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Titolo:
Imagining fictitious childhood events: The role of individual differences in imagination inflation
Autore:
Horselenberg, R; Merckelbach, H; Muris, P; Rassin, E; Sijsenaar, M; Spaan, V;
Indirizzi:
Maastricht Univ, Dept Psychol, NL-6200 MD Maastricht, Netherlands Maastricht Univ Maastricht Netherlands NL-6200 MD aastricht, Netherlands
Titolo Testata:
CLINICAL PSYCHOLOGY & PSYCHOTHERAPY
fascicolo: 2, volume: 7, anno: 2000,
pagine: 128 - 137
SICI:
1063-3995(200005)7:2<128:IFCETR>2.0.ZU;2-N
Fonte:
ISI
Lingua:
ENG
Soggetto:
FANTASY-PRONENESS; AUTOBIOGRAPHICAL MEMORY; SEXUAL ABUSE; DISSOCIATION; SUGGESTIBILITY; PSYCHOTHERAPY; RELIABILITY; EXPERIENCES; ABSORPTION; CONFIDENCE;
Tipo documento:
Article
Natura:
Periodico
Settore Disciplinare:
Social & Behavioral Sciences
Citazioni:
34
Recensione:
Indirizzi per estratti:
Indirizzo: Horselenberg, R Maastricht Univ, Dept Psychol, POB 616, NL-6200 MD Maastricht, Netherlands Maastricht Univ POB 616 Maastricht Netherlands NL-6200 MD
Citazione:
R. Horselenberg et al., "Imagining fictitious childhood events: The role of individual differences in imagination inflation", CLIN PSY PS, 7(2), 2000, pp. 128-137

Abstract

Imagination inflation refers to the phenomenon that imagining a low probability childhood event promotes subjective confidence that the event actually happened. The present article describes two studies that addressed the issue of whether imagination inflation is related to certain personality characteristics (i.e. social desirability, imagery ability, and dissociation). In Study 1, students (N = 34) rated the probability of 60 childhood events. Four weeks later, they came to the laboratory and were asked to imagine four low-probability childhood events. Next, new confidence ratings of target(i.e. imagined) and control items were collected. Students also completed measures of social desirability, imagery ability, and dissociation. While ahigher percentage of increased confidence ratings was found for target items than for control items, the size of this imagination inflation effect was modest. Only imagery ability was found to be related to imagination inflation in that individuals with better imagery abilities displayed a larger imagination inflation effect. The procedure of Study 2 (N = 45) closely followed that of Study I, except that imagination of target items now had to bewritten down. Writing about a fictitious event generated a straightforwardimagination inflation phenomenon, but this was not related to any of the personality characteristics. The discussion focuses on the extent to which imagination inflation may model therapy-induced false memories. Copyright (C) 2000 John Wiley & Sons, Ltd.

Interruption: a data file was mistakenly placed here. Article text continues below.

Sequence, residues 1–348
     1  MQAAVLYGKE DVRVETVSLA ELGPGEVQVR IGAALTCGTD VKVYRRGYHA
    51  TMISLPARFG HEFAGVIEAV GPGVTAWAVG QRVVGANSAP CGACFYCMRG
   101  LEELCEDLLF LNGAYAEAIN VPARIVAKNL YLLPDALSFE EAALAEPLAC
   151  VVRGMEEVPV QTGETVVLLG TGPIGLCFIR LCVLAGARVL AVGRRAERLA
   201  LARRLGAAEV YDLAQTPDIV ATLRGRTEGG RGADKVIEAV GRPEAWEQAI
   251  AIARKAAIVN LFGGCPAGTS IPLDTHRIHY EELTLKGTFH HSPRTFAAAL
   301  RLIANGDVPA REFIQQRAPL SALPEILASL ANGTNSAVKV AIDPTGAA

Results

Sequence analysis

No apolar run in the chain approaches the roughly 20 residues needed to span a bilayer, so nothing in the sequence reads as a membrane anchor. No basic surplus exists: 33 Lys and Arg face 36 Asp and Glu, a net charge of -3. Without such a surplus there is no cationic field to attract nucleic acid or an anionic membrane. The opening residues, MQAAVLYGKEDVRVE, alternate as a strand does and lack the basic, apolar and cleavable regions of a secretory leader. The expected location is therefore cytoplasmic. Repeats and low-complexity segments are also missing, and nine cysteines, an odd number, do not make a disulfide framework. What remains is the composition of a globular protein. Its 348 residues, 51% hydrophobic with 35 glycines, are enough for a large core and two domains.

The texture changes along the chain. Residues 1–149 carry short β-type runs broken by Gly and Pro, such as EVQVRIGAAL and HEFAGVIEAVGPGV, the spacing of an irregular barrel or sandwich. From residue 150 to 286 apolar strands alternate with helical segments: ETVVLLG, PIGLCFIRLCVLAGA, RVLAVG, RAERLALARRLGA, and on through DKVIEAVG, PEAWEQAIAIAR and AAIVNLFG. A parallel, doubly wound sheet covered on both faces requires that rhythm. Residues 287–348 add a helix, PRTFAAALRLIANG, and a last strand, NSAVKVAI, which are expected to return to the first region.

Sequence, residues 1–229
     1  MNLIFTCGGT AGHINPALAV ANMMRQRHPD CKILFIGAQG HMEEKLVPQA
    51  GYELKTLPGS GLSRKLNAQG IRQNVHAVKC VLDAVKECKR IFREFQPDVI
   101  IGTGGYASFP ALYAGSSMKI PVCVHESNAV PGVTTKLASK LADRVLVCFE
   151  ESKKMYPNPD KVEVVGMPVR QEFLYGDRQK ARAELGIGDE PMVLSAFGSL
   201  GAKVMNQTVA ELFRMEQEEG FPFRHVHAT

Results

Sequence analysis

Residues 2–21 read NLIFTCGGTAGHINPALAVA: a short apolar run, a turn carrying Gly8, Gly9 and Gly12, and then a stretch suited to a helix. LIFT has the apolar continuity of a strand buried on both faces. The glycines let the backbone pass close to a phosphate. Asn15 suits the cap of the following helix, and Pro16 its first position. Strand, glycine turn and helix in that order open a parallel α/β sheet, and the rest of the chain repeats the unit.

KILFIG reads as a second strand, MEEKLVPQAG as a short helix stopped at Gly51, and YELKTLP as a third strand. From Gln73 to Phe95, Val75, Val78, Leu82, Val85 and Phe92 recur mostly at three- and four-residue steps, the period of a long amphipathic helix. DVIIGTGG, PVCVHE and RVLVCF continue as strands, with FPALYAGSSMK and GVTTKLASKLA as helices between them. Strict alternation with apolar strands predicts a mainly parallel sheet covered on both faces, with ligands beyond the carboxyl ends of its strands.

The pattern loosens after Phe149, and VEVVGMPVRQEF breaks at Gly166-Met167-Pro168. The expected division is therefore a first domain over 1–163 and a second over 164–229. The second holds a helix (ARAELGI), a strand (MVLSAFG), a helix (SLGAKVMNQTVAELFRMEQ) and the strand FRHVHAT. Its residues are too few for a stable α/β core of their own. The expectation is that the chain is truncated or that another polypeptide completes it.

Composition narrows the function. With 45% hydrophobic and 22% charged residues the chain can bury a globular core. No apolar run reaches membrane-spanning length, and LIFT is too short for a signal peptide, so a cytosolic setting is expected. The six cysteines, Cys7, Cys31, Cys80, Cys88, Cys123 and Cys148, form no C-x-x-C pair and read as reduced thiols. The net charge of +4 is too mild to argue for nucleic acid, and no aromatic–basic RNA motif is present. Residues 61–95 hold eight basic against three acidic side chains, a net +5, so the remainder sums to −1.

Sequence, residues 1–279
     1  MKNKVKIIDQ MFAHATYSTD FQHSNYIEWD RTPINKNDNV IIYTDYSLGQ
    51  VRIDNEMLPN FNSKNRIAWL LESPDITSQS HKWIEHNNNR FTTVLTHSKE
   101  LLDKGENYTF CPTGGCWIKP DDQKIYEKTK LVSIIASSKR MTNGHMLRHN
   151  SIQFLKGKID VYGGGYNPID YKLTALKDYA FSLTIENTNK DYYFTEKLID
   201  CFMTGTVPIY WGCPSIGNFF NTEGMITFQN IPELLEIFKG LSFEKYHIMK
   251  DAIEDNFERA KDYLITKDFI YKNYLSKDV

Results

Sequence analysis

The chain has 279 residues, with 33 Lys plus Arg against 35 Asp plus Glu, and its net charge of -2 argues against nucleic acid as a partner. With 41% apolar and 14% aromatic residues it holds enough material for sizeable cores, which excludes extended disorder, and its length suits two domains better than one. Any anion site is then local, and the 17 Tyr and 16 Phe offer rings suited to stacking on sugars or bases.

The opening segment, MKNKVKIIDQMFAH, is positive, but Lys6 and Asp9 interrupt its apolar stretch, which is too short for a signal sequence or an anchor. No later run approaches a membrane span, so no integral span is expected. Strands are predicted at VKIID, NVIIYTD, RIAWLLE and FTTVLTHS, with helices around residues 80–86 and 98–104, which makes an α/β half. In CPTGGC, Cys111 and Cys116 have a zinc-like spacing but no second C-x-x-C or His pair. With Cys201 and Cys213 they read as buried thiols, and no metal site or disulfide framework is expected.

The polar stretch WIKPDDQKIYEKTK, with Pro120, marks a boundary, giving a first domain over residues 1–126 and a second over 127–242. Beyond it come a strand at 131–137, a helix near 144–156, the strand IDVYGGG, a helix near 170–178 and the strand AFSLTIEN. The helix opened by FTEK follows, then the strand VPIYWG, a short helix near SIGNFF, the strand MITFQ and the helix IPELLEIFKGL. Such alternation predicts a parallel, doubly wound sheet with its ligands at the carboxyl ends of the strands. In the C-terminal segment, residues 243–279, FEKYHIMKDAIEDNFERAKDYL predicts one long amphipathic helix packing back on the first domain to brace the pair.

ASDD Area Sistemi Dipartimentali e Documentali, Università di Bologna, Catalogo delle riviste ed altri periodici
Documento generato il 25/09/20 alle ore 12:49:04